Light-cured resin holds brain implant hope

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Rob Coppinger on a process to create micro-structures using lasers and ultra violet light

Lasers and ultra-violet light are being used to affect light-sensitive liquid resin to create three dimensional structures a few micrometres across, to be used for brain implants and in fuel cells.

In combination with the light sources the new resin could, for example, enable customised electrodes for fuel cells or batteries, as well as biosensor interfaces for medical uses. The use of the laser is similar to 3D printing, also known as additive manufacture. The researchers, based at Japanese universities, used a laser to draw a shape onto the liquid resin, a process known as two-photon polymerisation, and build it up layer by layer. Another option is to use UV light and micro transfer moulding. This takes the light-sensitive liquid and moulds it into a desired shape, which is then hardened by exposure to UV light.

Once the objects were shaped, they were viewed with a scanning electron microscope. Test shapes included pyramids and discs. The researchers also produced the Stanford bunny, a shape commonly used in 3D modelling and computer graphics. One purpose for such a process would be to create microscopic 3-D coils for heating applications, while the medical uses the researchers are aiming for are neurological. The vision is to create brain interfaces, rows of needle-shaped electrodes pointing in the same direction, like teeth on combs, which can send or receive electrical signals from neurons. They would be used for deep brain stimulation and other therapeutic interventions to treat disorders such as epilepsy, depression, and Parkinson’s disease.

‘One of the most promising applications is that of 3D microelectrodes that could interface with the brain,’ says Yuya Daicho, a graduate student team leader at Yokohama National University, Japan.

The neurological implant application is possible because the two-photon polymerisation process can create the 3D structures needed to realise those needle-shaped electrodes. The process can also create rows of electrodes with different lengths and tip-shapes. Daicho explained that, ‘current microelectrodes are simple 2D needle arrays’.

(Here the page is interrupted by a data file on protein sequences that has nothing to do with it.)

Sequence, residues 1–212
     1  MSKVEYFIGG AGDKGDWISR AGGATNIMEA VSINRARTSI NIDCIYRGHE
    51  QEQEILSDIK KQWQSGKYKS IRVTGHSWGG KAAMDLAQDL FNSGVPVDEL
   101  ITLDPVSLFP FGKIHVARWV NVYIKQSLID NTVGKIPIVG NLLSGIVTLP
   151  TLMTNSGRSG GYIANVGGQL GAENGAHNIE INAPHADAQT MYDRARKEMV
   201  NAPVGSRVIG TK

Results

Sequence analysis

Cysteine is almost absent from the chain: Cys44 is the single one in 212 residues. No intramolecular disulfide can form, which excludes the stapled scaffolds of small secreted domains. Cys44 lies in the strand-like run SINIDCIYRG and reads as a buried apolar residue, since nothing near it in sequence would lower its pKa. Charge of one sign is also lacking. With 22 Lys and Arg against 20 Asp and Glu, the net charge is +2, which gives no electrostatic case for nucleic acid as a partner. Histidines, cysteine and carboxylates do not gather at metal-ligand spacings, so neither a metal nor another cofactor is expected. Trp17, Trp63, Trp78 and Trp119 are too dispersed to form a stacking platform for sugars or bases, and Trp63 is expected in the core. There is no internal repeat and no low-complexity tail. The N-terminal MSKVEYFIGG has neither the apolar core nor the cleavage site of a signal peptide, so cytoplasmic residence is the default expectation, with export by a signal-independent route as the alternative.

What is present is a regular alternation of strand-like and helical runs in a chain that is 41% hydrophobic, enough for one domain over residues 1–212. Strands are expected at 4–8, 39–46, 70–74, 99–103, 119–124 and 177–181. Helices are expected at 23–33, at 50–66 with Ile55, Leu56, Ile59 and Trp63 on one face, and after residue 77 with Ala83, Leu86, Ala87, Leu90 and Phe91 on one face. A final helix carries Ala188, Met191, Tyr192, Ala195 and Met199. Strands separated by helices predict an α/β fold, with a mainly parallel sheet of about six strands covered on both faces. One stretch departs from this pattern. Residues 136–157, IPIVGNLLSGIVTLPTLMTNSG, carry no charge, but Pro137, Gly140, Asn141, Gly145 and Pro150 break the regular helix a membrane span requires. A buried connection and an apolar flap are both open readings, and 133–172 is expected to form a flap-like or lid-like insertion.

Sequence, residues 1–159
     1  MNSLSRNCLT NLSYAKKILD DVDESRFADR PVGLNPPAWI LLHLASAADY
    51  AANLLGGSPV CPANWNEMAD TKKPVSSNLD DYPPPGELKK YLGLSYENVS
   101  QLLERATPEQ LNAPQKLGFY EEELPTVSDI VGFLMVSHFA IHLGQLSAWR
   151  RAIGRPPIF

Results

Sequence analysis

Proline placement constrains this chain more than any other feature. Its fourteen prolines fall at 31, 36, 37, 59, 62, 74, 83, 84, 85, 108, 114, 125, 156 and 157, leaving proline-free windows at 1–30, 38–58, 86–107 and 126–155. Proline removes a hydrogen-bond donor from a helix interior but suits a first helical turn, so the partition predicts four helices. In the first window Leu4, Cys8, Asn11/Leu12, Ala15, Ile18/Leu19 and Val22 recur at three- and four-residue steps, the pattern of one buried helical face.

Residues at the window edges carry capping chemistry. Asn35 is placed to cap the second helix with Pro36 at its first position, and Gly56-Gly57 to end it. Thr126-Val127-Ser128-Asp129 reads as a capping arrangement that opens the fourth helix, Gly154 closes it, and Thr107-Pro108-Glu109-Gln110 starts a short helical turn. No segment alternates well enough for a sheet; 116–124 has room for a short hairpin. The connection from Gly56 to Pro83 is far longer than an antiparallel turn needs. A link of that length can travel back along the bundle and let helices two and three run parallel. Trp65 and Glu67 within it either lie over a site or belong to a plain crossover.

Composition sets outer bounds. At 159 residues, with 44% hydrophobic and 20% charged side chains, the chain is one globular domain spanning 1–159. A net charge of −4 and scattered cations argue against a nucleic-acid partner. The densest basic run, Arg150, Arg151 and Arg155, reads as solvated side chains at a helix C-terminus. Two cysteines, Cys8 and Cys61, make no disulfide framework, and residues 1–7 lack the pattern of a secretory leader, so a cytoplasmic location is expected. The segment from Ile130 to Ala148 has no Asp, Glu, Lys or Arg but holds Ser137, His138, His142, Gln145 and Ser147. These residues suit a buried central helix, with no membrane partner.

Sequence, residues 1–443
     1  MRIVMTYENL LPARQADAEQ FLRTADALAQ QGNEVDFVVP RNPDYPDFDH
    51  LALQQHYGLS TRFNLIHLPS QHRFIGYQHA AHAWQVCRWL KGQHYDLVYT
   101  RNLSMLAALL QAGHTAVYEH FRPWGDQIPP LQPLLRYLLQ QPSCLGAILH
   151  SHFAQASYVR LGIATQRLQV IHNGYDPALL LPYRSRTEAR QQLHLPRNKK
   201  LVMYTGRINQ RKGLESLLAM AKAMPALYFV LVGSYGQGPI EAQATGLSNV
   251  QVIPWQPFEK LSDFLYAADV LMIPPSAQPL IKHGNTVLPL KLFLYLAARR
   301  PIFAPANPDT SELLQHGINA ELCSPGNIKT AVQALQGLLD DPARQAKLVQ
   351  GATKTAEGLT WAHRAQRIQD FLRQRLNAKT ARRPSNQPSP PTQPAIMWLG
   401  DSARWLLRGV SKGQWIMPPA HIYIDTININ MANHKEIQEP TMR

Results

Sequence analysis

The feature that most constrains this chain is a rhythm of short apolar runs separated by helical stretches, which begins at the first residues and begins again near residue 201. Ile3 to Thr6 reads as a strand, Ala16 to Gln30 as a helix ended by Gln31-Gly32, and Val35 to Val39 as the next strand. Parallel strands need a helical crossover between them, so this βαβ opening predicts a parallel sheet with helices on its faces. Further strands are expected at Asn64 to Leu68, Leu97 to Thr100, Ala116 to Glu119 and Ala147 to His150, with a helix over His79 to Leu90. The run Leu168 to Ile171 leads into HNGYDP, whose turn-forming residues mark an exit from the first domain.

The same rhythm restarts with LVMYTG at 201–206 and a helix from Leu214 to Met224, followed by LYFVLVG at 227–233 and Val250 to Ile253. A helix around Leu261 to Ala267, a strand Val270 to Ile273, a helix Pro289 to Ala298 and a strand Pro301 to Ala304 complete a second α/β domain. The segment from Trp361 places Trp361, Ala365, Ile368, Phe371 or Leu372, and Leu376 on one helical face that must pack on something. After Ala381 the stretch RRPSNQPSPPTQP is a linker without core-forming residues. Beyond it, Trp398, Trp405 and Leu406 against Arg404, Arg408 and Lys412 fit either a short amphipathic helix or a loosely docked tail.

Another key aspect of the light-enabled process is the resin’s ability to withstand the carbonisation stage that enables the structures use as an electrode. To carbonise the electrode, the 3D structure is baked at a temperature high enough to turn its surface to carbon. The process of carbonising, or charring as it is also known, increases the conductivity of the resin and also increases its surface area – both of which make it a good electrode. Normally carbonisation would destroy a 3D structure made of resin, but the Japanese researchers added resorcinol diglycidyl ether, which is toxic and a carcinogen for humans. When the researchers first saw the picture of the rabbit structure taken with the electron microscope, they were ‘delighted’ at how well it had held up during the charring process, giving them hope that electrodes were possible.

‘When we got the carbon [Stanford] bunny structure, we were very surprised,’ says Daicho’s colleague Shoji Maruo. ‘Even with a very simple experimental structure, we could get this complicated 3D carbon microstructure.’ The rabbit’s shape would be much more difficult, expensive, and time-consuming to create using any of the existing processes compatible with carbonisation, he adds.

The next steps for the team include fabricating usable carbon microstructures, as well as charring the resins at temperatures above the 800oC tested in the reported study. Moving to higher temperatures may destroy the microstructures, say the researchers, but there is a chance the high temperature will turn the surfaces into graphite, which is a higher-quality conductor than the carbonised surfaces created so far.

The research team, which includes physicists and chemists from Yokohama National University, Tokyo Institute of Technology, and Japanese stereolithography company CMET, published their work in the Optical Society’s open-access journal Optical Materials Express.